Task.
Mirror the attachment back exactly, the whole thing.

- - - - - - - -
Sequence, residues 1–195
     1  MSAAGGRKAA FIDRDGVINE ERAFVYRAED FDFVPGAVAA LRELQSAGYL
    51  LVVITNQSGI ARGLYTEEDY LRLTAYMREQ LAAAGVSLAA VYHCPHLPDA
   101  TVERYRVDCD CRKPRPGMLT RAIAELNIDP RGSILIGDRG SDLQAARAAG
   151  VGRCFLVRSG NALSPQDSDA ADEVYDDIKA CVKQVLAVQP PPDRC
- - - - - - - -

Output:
Sequence, residues 1–195
     1  MSAAGGRKAA FIDRDGVINE ERAFVYRAED FDFVPGAVAA LRELQSAGYL
    51  LVVITNQSGI ARGLYTEEDY LRLTAYMREQ LAAAGVSLAA VYHCPHLPDA
   101  TVERYRVDCD CRKPRPGMLT RAIAELNIDP RGSILIGDRG SDLQAARAAG
   151  VGRCFLVRSG NALSPQDSDA ADEVYDDIKA CVKQVLAVQP PPDRC